Walks in and around Glasgow
From April 2020, a selection of guided walks, in and around Glasgow, will be available. Led by Glasgow-born art historian, George Fairfull-Smith, these cover a wide range of interests, including art and architecture; the homes of many of the city’s 19th-century art collectors and patrons; locations of public and private art galleries and institutions; Glasgow’s literary history; and where people used to shop and dine.
Andrew Fairfoul’s Coat of Arms
George’s family has interesting links to the city. These date back to the early 17th century and the appointment of Andrew Fairfoul (sometimes spelt Fairfowl), as the first post-Restoration Archbishop of Glasgow in 1661. Other ancestors include John Wilson, who was Town Clerk and a writer (lawyer) of some note. John, known as “Red-Haired Wilson” acquired the former Dunlop Mansion, which was built in the 18th century, and adjoined the famous Buck’s Head Hotel, the former Murdoch Mansion. Located at the corner of Argyle Street and Dunlop Street, these properties were demolished and the Hotel was replaced by Alexander ‘Greek’ Thomson’s Buck’s Head Building.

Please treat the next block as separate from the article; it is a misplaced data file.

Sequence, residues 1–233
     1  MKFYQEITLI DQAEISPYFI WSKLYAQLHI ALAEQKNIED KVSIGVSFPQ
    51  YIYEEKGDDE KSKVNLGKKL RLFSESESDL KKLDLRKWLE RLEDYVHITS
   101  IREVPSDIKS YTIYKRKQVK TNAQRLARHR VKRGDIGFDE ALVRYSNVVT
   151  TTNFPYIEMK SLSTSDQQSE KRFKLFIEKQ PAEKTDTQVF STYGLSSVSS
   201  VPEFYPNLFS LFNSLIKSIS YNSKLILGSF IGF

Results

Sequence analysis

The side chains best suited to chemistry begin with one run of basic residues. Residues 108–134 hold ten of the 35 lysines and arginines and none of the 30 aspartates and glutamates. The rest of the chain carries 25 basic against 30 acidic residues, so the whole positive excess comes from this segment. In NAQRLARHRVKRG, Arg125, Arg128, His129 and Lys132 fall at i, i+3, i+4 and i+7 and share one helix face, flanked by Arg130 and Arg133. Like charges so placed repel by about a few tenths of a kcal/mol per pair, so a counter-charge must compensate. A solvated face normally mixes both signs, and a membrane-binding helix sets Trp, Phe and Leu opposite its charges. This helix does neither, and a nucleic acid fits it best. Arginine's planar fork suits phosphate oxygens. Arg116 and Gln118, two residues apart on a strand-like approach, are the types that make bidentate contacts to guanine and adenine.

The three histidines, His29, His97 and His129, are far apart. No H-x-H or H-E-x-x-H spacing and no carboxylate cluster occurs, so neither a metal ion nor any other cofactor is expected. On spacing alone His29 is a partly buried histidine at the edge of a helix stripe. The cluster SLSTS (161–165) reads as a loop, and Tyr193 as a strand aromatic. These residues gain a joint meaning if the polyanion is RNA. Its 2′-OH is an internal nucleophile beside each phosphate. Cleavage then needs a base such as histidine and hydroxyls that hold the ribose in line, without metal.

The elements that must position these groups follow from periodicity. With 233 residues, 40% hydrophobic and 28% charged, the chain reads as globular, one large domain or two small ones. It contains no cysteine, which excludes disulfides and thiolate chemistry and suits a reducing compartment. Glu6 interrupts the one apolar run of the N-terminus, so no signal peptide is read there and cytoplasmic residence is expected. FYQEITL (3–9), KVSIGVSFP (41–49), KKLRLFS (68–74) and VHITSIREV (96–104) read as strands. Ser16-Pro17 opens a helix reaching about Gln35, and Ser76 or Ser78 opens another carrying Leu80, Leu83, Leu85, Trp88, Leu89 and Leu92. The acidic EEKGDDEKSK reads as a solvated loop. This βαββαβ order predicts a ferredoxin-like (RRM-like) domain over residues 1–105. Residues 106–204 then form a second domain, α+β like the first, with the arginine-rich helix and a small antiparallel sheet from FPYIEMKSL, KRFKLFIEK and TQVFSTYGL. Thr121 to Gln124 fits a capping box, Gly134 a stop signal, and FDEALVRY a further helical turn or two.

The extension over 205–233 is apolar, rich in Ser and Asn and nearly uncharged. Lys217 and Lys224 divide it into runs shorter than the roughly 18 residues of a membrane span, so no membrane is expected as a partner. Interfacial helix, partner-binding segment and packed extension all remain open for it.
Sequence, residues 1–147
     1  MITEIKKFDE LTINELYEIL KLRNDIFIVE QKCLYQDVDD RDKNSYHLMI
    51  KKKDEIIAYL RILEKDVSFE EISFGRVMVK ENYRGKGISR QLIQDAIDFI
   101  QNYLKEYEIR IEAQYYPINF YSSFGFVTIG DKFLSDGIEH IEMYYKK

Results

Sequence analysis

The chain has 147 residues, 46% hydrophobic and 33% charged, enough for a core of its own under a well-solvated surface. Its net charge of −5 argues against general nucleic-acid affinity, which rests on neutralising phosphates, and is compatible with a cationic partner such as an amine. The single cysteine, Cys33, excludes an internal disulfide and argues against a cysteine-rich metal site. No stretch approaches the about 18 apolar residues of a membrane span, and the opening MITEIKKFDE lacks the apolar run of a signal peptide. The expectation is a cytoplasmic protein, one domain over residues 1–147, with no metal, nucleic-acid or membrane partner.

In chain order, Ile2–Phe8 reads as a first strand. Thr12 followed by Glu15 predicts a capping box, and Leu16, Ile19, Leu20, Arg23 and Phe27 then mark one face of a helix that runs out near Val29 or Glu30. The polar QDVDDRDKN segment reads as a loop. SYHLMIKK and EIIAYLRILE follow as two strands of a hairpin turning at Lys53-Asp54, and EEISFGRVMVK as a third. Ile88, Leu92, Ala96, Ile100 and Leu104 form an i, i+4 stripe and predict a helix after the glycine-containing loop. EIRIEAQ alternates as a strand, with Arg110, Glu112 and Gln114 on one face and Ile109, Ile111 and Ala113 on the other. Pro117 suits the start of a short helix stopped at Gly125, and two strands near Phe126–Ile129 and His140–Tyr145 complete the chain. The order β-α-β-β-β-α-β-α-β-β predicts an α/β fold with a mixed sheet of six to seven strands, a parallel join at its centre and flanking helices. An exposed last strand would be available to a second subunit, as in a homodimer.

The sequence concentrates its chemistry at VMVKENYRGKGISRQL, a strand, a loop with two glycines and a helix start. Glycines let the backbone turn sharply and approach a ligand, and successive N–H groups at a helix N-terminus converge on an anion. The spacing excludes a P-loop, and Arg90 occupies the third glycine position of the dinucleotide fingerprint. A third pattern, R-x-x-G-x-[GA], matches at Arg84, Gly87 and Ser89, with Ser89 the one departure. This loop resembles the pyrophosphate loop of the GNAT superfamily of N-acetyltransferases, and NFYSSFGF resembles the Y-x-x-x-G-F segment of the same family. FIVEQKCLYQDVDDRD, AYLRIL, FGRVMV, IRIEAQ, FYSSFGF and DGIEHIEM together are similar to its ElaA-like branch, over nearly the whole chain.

The Murdoch Mansion stood at the corner of Argyle Street and Dunlop Street. The Dunlop Mansion is to its left. This view was produced by David Small.
John Wilson also owned Kelvinbank House, shown below. It was photographed by Thomas Annan, for The Old Country Houses of the Old Glasgow Gentry, 1878.
Walks usually last a minimum of 90 minutes, and can be tailored to suit specific interests. They can be arranged for any number of people, from 1, to a maximum of 10.
George’s interests cover Glasgow’s cultural history, from the 17th to 20th centuries. He has initiated und undertaken research for a number of large and small-scale exhibitions for the University of Strathclyde; the Mitchell Library, and Glasgow School of Art, and produced a wide range of articles and books.
For further information, please contact George at: firstname.lastname@example.org